The Broad Hollow Bioscience Park on the Farmingdale State College campus on...

The Broad Hollow Bioscience Park on the Farmingdale State College campus on Route 110. Credit: Barry Sloan

It's easy to celebrate the hopes and successes of Long Island industries. It's much harder to overcome the disappointments and failures.

The Broad Hollow Bioscience Park, and Long Island's larger efforts to build a biotechnology industry, have had a lot of both.

This month's announcement that Estée Lauder will serve as Broad Hollow's latest anchor tenant, filling much of it with research labs and office space and 31 new employees, is welcome news. But can the current hopeful moment rise above the disappointments that have come before?

The region has been trying to get this right for a long time.

At a Long Island Life Sciences Summit in 2003, which featured promising chatter about creating a vibrant life sciences industry, one young company stood out. Helicon Therapeutics, focused on cognition and memory, had made its home at the relatively new research park at Farmingdale State College in East Farmingdale. Then-chief executive John Tallman talked of spending a couple of years at the park's incubator and growing from there. "It takes time and you have to be patient," Tallman said back then.

Alongside Helicon was anchor tenant OSI Pharmaceuticals — the Island's most promising biotech firm, around which the region hoped to build an industry.

But for Long Island, neither story ended well. In 2008, Helicon left Long Island for San Diego after its Broad Hollow expansion efforts were stymied. A year later, OSI left for Westchester County.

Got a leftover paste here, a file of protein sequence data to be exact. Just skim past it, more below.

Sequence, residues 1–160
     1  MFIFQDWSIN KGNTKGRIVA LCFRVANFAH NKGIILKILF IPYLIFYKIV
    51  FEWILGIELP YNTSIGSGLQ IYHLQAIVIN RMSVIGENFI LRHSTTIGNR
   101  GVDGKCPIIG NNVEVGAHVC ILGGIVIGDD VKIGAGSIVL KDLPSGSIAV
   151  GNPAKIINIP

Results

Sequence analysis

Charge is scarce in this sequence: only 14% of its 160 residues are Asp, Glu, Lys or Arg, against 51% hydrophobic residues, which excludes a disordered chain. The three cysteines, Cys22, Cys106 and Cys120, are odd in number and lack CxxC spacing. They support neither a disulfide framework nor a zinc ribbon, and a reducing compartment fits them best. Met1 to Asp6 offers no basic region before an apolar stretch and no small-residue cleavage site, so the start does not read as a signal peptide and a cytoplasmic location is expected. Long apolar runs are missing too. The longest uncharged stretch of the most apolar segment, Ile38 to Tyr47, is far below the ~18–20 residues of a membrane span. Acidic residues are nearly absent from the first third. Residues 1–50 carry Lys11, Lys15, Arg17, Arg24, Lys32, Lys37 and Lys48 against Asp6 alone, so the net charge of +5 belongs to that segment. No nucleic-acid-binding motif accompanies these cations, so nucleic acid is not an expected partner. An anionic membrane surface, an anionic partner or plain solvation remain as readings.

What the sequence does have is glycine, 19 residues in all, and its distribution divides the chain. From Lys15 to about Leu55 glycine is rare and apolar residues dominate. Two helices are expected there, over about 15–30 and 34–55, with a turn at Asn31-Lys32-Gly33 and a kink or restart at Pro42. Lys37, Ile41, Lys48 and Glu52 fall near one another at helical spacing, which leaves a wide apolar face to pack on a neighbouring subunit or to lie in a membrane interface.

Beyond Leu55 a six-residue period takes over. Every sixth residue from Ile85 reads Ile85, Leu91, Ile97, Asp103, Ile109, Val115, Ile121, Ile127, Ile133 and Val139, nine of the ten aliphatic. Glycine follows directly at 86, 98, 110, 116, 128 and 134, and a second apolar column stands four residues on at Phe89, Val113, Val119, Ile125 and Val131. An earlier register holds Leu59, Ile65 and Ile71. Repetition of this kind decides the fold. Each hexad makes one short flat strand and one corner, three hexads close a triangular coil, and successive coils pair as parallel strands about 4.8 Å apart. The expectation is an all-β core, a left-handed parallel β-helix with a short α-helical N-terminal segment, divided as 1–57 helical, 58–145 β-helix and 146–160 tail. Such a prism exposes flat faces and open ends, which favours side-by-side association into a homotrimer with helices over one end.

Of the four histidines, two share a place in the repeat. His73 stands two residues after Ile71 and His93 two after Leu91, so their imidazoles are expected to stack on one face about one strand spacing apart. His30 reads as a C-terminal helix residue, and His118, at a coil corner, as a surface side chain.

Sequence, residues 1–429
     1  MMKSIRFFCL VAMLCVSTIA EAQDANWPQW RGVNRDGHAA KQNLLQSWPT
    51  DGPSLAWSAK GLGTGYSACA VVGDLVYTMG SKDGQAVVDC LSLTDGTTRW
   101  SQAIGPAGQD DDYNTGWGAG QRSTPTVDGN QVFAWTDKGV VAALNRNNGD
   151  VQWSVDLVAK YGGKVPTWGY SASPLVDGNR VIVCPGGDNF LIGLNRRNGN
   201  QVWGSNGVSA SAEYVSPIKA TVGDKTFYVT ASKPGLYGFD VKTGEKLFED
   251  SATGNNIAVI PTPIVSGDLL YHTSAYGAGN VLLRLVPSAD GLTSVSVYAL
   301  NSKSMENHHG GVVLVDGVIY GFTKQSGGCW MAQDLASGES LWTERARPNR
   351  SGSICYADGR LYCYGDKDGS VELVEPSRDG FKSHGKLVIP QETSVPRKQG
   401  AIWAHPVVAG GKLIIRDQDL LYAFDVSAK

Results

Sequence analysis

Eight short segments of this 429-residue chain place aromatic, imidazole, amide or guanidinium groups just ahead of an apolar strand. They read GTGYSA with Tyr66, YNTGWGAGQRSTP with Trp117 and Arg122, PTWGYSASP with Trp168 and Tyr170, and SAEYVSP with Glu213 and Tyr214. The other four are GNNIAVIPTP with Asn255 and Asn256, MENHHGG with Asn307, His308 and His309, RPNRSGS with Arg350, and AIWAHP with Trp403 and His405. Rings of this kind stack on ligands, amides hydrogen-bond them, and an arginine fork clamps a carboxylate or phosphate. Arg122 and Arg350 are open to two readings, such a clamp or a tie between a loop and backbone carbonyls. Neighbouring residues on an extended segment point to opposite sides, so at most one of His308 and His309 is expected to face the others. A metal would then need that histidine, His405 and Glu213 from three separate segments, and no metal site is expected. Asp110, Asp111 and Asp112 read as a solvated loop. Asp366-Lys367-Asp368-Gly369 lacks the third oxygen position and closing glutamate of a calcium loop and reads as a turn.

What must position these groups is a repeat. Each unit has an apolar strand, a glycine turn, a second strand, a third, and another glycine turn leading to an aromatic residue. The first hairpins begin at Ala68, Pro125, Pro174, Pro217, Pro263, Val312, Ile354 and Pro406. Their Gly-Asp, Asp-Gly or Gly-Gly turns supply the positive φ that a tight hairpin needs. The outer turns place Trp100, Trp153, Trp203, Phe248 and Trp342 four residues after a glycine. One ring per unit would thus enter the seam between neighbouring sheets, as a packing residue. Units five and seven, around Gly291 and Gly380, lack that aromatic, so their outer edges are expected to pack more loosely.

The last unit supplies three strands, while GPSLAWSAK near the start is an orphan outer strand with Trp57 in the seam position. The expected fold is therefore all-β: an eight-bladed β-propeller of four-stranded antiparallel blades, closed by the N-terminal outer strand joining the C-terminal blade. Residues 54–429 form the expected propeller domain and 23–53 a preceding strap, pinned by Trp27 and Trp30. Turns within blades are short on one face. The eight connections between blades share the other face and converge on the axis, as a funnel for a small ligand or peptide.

Since then, the Island never really found its biotech footing. The region has lost other companies large and small and hasn't built the desired "critical mass." And the Broad Hollow Bioscience Park's main building — which OSI once occupied — was empty for years.

As in the early OSI days, Estée Lauder's move marks another moment of possibility. The cosmetic giant plans to do research and develop new products in the Broad Hollow space. But the Island has to capitalize on that, by filling the rest of the bioscience park with other smaller companies, wooing a broad array of life sciences firms to the region, utilizing Cold Spring Harbor Laboratory's resources, and connecting with and building off the industry that's emerging in New York City.

But the past has taught us it won't be easy. It'll take strong state and regional leadership, a coalition of elected officials, business leaders, scientists and advocates working together. It'll take nurturing and cajoling and incentivizing. It'll take the right partnerships and management at Broad Hollow, Cold Spring Harbor Laboratory, Farmingdale State College, and others.

We can't have another two decades of starts and stops. Use the five years in Estée Lauder's deal to try everything to build and grow the industry, solidifying the pieces that exist and adding new ones. If at that point Estée Lauder is ready to stay and grow, and others have joined, perhaps the Island will have an industry finally ready to thrive.

MEMBERS OF THE EDITORIAL BOARD are experienced journalists who offer reasoned opinions, based on facts, to encourage informed debate about the issues facing our community.


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